SustainableUX was born when James and Jen, sharing their experiences balancing business-as-usual design projects against a backdrop of increasing climate urgency, realized they could elevate the conversation for others to join and learn from each other. Speaking to other designers, we have found that our profession includes an abundance of folks with both awareness and concern about climate change-- who similarly struggle to see how they can make a practical difference against global warming in their day-jobs. We founded this conference in an attempt to provide a forum for practitioners to share the methods and philosophies that enable us to make meaningful contributions to the struggle as individuals, and an industry.

Now in it's second year, we're joined by Jenn Schlick from MIT, and together we hope to bring SustainableUX to an even larger audience.

This continues to be an online-only event, in keeping with our goal of helping designers reduce their carbon footprints. In-person conferences can cost thousands of tons of CO2, which we avoid by hosting it on Google Hangouts - which is largely renewable-powered.

You can find last year's website archived here. It is even leaner than this site - the typical page, including CSS, was below 5kB.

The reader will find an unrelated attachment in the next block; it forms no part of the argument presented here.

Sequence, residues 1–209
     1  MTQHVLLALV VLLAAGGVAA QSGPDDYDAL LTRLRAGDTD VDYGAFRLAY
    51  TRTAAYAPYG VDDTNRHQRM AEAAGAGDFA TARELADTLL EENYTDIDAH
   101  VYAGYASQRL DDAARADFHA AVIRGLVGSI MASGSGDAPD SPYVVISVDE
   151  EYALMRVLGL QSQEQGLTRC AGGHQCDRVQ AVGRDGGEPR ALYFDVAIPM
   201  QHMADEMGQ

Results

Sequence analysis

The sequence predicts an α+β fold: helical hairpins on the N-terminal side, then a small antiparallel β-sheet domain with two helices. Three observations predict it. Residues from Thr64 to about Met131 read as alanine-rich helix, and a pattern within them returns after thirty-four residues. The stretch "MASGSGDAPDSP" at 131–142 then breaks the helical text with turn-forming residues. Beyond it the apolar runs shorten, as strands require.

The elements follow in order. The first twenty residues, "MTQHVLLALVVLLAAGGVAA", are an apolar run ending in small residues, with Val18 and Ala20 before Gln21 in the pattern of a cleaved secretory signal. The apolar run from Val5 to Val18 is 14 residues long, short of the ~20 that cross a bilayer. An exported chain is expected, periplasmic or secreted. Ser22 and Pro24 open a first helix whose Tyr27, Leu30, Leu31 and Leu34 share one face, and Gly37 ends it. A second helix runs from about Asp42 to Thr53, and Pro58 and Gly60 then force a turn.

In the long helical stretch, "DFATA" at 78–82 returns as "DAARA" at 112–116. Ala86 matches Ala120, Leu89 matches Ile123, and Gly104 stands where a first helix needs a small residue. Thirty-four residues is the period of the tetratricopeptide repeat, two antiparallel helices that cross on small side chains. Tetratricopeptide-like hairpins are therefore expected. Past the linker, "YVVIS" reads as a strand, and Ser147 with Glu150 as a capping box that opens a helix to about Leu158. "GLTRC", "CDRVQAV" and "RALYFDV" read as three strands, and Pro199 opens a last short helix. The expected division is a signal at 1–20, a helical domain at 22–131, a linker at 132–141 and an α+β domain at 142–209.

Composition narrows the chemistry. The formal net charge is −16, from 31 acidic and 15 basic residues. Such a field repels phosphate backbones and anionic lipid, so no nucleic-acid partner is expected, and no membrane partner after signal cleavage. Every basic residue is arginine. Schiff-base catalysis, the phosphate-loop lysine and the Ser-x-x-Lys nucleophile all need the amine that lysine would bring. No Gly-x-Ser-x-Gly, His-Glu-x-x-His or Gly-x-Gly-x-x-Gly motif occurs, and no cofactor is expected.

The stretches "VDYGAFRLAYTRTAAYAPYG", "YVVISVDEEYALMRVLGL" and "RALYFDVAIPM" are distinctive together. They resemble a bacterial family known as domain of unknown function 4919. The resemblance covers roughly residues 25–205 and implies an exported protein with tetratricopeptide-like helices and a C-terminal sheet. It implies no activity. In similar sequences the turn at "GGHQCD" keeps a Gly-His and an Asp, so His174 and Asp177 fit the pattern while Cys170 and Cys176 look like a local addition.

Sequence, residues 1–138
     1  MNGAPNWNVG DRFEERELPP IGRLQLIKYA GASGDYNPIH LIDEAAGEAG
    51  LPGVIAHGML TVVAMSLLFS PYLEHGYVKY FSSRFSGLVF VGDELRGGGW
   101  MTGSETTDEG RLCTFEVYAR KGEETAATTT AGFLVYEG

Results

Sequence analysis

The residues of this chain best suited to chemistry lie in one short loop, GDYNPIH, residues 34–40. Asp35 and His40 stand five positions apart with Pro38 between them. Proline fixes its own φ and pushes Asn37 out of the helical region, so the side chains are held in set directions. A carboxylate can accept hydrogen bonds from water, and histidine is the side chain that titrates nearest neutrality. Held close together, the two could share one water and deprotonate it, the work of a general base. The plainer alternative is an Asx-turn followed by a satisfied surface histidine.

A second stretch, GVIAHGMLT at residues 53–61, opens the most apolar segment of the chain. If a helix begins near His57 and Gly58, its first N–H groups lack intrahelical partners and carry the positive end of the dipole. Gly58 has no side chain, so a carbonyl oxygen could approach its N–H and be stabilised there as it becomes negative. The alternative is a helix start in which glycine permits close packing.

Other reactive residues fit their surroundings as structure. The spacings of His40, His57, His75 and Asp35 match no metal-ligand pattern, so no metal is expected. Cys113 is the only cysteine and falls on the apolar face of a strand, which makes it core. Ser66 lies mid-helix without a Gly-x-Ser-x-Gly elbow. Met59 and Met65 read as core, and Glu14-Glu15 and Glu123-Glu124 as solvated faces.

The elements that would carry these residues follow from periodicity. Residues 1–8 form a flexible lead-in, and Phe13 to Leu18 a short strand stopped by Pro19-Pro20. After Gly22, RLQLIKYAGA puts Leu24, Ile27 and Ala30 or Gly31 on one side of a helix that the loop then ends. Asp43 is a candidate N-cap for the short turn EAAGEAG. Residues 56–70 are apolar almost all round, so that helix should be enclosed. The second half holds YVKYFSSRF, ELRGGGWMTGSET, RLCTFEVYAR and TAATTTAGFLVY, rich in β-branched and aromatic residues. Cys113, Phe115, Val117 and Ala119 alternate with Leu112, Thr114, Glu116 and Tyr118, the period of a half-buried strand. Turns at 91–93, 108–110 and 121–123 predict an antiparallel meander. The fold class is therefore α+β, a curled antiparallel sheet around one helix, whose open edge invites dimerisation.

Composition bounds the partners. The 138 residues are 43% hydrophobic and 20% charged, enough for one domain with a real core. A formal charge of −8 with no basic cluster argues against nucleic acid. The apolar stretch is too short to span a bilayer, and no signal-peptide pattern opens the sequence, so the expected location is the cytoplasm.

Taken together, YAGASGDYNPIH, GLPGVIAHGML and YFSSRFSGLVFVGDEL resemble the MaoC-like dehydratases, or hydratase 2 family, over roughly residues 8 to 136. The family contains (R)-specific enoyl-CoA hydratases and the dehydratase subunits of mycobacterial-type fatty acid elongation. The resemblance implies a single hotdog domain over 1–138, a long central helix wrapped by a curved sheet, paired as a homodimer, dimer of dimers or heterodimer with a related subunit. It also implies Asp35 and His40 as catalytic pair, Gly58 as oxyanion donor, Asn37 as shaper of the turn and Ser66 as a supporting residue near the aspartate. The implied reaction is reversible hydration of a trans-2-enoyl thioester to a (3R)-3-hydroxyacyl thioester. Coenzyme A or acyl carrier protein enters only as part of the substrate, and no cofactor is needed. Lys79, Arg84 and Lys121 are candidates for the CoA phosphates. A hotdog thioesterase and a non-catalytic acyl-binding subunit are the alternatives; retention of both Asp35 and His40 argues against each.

Jen Briselli

Jen’s first love was science, but while earning her physics degree she fell in love with the challenge of communicating as much as she loved researching, so now she’s a design strategist who does all of the above. @jbriselli

Jenn Schlick

Web Manager at the MIT Energy Initiative. Jenn's work focuses on the benefits of using renewable energy in digital products and services. She spoke about Low-Carbon Web Design at WordCamp Finland 2016. @jennschlick

James Christie

Experience Designer at MadPow. He wrote an article about sustainable web design at A List Apart, and it's all been down hill ever since. @jc_ux

Site design

So this site is a little old school, no? That's in keeping with our mission of sustainability. If more data-intensive sites use more energy to send and view online, then sites with a smaller data footprint are more environmentally-friendly. This site's pages average at just below 10kB per page. Compare that to the average page of today - 2.4 MB - or 240 times larger in data terms.